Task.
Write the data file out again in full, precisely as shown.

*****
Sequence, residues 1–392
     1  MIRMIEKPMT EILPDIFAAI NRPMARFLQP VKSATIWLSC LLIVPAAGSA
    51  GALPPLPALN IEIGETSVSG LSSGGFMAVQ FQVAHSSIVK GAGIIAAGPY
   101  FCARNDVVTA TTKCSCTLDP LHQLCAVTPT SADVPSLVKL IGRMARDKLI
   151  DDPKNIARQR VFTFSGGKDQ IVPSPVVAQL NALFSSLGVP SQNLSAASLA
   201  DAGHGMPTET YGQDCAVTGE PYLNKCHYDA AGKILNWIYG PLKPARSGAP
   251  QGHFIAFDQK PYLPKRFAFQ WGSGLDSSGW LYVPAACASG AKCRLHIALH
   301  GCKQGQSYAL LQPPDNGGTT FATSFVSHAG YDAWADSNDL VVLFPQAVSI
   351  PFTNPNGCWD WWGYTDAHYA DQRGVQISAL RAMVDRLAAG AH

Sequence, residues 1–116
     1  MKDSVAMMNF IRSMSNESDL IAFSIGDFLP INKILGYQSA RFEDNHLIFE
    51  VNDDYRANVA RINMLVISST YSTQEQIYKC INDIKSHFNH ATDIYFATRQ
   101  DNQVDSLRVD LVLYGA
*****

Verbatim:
Sequence, residues 1–392
     1  MIRMIEKPMT EILPDIFAAI NRPMARFLQP VKSATIWLSC LLIVPAAGSA
    51  GALPPLPALN IEIGETSVSG LSSGGFMAVQ FQVAHSSIVK GAGIIAAGPY
   101  FCARNDVVTA TTKCSCTLDP LHQLCAVTPT SADVPSLVKL IGRMARDKLI
   151  DDPKNIARQR VFTFSGGKDQ IVPSPVVAQL NALFSSLGVP SQNLSAASLA
   201  DAGHGMPTET YGQDCAVTGE PYLNKCHYDA AGKILNWIYG PLKPARSGAP
   251  QGHFIAFDQK PYLPKRFAFQ WGSGLDSSGW LYVPAACASG AKCRLHIALH
   301  GCKQGQSYAL LQPPDNGGTT FATSFVSHAG YDAWADSNDL VVLFPQAVSI
   351  PFTNPNGCWD WWGYTDAHYA DQRGVQISAL RAMVDRLAAG AH

Sequence, residues 1–116
     1  MKDSVAMMNF IRSMSNESDL IAFSIGDFLP INKILGYQSA RFEDNHLIFE
    51  VNDDYRANVA RINMLVISST YSTQEQIYKC INDIKSHFNH ATDIYFATRQ
   101  DNQVDSLRVD LVLYGA